Chart: How much would US air quality improve if it shifted to EVs?

Air pollution will plummet as EVs and renewables are adopted, showcasing the public-health benefits of moving away from fossil fuels.
By Maria Virginia Olano

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Cars and school buses drive on a road spewing clouds of emissions
(Photo: Minnesota Pollution Control Agency/CC BY-NC 2.0)

Canary’s chart of the week translates crucial data about the clean energy transition into a visual format.

As an orange plume of smoke from Canadian wildfires engulfed the Northeast last week and rendered New York City’s air the most toxic in the world for a day, air quality and its impact on human health became the focus of headlines across the country.

But outside of catastrophic wildfire events like the one last week, on average, the leading sources of unhealthy air in the United States are fossil-fuel-powered transportation and electricity generation.

For that reason, a shift toward electric vehicles and renewable energy would slash not only carbon emissions but harmful air pollutants as well. A recent report from the American Lung Association quantifies just how much some of the most common pollutants would be reduced if the country were to speed up the transition to EVs and a clean energy grid.

Some of the most common unhealthy pollutants are particulate matter, specifically PM2.5, volatile organic compounds (VOCs), nitrogen oxides (NOx), greenhouse gases (GHGs) and sulfur dioxide (SO2). They have been linked to health issues ranging from decreased lung function to increased risk of asthma, heart disease and certain types of cancers.

More than four in 10 Americans live in communities impacted by unhealthy levels of air pollution, but people of color and lower-income Americans are much more likely to be exposed to nearly all sources of pollution.

The American Lung Association’s report finds that a national shift to 100 percent new sales of zero-emissions passenger vehicles by 2035 and medium- and heavy-duty trucks by 2040, coupled with a carbon-free grid, would greatly reduce concentrations of these pollutants in the air. By 2030, NOx, SO2 and GHGs would be reduced by more than 50 percent compared to 2020. By 2040, VOCs and PM2.5 would drop by more than 40 percent. And in 2050, NOx, SO2 and GHG pollution would be down more than 90 percent compared to 2020; VOCs would fall by 78 percent and PM2.5 by 61 percent.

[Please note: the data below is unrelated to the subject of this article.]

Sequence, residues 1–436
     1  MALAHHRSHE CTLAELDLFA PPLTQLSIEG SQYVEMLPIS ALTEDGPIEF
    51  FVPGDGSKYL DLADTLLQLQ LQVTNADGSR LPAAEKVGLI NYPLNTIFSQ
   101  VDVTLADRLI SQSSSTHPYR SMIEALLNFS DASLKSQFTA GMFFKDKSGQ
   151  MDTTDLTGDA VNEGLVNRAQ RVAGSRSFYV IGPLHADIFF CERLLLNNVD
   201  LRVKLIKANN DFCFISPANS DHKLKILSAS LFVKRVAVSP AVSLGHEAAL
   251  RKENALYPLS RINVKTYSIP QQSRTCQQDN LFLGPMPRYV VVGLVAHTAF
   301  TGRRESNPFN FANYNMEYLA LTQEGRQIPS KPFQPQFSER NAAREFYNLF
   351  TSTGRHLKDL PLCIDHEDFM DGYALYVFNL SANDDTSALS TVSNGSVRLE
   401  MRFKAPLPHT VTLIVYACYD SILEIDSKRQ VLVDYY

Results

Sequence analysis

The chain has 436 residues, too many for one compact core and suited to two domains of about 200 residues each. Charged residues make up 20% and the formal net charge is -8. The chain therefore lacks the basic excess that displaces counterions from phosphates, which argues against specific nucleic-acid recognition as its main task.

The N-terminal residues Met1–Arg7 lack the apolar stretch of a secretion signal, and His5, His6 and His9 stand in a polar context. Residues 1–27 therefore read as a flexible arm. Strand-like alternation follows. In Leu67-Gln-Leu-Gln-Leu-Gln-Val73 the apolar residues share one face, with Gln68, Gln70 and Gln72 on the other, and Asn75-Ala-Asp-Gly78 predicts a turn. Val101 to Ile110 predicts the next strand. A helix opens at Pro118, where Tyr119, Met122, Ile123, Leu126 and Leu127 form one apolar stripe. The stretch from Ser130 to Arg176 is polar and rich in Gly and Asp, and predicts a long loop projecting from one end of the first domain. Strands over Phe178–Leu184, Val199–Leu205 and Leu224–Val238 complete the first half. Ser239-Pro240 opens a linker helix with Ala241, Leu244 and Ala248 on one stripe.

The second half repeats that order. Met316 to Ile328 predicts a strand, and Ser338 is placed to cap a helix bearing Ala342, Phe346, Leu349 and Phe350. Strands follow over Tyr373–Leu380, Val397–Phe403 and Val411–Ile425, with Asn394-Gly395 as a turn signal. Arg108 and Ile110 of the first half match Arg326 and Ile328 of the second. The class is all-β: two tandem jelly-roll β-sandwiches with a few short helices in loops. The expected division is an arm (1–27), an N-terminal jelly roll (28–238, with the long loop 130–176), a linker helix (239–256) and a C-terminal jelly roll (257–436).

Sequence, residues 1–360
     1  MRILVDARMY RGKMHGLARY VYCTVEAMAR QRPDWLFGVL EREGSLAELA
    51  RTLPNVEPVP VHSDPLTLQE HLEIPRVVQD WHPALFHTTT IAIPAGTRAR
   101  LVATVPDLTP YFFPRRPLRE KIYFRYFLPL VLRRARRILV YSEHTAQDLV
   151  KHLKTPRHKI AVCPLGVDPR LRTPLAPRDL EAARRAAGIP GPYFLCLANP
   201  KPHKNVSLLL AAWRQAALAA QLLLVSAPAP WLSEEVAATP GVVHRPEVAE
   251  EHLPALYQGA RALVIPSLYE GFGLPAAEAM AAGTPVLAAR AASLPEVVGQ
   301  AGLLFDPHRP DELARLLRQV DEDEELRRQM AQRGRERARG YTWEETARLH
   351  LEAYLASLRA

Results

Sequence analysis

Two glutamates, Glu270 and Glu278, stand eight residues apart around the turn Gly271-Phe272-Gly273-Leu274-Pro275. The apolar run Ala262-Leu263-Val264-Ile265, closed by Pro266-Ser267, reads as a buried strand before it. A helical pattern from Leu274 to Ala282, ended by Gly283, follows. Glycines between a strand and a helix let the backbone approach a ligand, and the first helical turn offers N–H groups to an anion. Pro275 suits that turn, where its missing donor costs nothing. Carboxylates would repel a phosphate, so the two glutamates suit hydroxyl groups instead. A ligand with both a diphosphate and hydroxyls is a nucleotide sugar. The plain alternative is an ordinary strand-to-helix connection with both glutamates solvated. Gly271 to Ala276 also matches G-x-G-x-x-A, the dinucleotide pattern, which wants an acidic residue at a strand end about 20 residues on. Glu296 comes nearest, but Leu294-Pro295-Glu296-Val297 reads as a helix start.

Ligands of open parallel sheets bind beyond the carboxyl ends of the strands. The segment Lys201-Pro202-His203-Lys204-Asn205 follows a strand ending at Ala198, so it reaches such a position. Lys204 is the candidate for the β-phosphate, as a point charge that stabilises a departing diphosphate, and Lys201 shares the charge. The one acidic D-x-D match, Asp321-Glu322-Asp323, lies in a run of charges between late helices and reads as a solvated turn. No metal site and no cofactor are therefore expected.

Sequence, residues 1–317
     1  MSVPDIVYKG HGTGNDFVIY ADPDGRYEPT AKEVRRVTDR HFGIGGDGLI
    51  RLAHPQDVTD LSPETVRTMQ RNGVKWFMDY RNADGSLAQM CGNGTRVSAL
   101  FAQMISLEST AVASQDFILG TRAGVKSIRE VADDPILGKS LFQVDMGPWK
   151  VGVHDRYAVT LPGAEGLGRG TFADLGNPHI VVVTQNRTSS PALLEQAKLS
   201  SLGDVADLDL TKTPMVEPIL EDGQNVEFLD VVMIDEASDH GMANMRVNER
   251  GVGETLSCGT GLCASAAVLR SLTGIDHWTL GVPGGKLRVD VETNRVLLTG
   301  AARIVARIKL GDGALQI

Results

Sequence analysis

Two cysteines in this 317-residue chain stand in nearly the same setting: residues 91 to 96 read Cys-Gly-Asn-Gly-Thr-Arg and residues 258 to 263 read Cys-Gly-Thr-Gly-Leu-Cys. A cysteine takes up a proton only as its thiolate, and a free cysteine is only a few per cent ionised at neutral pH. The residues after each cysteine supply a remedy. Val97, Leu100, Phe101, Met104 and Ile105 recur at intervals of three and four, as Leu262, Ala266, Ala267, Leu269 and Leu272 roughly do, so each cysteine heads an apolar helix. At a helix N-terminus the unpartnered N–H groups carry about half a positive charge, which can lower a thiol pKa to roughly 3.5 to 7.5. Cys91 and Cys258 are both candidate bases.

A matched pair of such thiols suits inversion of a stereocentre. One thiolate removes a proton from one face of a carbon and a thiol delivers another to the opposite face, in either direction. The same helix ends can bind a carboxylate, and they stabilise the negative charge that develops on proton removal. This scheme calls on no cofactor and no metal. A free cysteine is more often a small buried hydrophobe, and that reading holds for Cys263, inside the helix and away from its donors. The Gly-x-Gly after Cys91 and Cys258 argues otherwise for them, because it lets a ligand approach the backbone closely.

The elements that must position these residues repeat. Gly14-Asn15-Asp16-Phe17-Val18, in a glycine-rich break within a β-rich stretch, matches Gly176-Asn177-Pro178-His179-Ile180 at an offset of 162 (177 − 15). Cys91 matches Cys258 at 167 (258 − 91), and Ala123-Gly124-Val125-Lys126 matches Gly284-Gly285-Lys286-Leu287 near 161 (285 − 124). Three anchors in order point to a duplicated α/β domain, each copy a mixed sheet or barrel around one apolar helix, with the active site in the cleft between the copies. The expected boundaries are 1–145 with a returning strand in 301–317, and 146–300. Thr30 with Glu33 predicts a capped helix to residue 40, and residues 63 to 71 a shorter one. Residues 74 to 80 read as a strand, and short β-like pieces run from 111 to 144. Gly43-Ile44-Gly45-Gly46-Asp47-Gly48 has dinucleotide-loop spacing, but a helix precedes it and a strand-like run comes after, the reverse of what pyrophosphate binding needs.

The report offers a few ways to think about the impact of these reductions: They’d equate to over $1.2 trillion in public-health benefits in the form of over 100,000 avoided premature deaths, nearly 3 million avoided asthma attacks and the avoidance of over 13 million lost workdays. Plus, there would be significant climate benefits — the report’s modeled scenario would result in a reduction in greenhouse gases (CO2 equivalent) of 1.5 billion tons per year in 2050.

As it stands, President Biden and major automakers have set a target for half of all new cars sold to be EVs by 2030, and California, Massachusetts, Maryland and New York have all mandated 100 percent of new car sales to be zero-emissions by 2035. These more aggressive goals are in line with the scenario modeled by the ALA report. Fifteen states, including the four above, have also already adopted zero-emissions vehicle standards, and an increasing number are pursuing zero-emissions truck requirements.

Additionally, the U.S. Environmental Protection Agency proposed new emissions standards earlier this year, which, if adopted, would be the strongest pollution standards ever imposed on cars and trucks in the U.S. The EPA estimates that the new standards would put the country on track for EVs to account for up to 67 percent of new light-duty vehicle sales and 46 percent of new medium-duty vehicle sales by 2032.

The Biden administration has also set a national goal for the U.S. electrical grid to be carbon-free by 2035.

As the report demonstrates, the stakes of the U.S. hitting its most aggressive EV and renewable-energy adoption targets are high, due not only to the imperative to slash carbon emissions but also because of the significant public-health benefits that will stem from a transition away from fossil fuels.

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Maria Virginia Olano is editorial producer at Canary Media.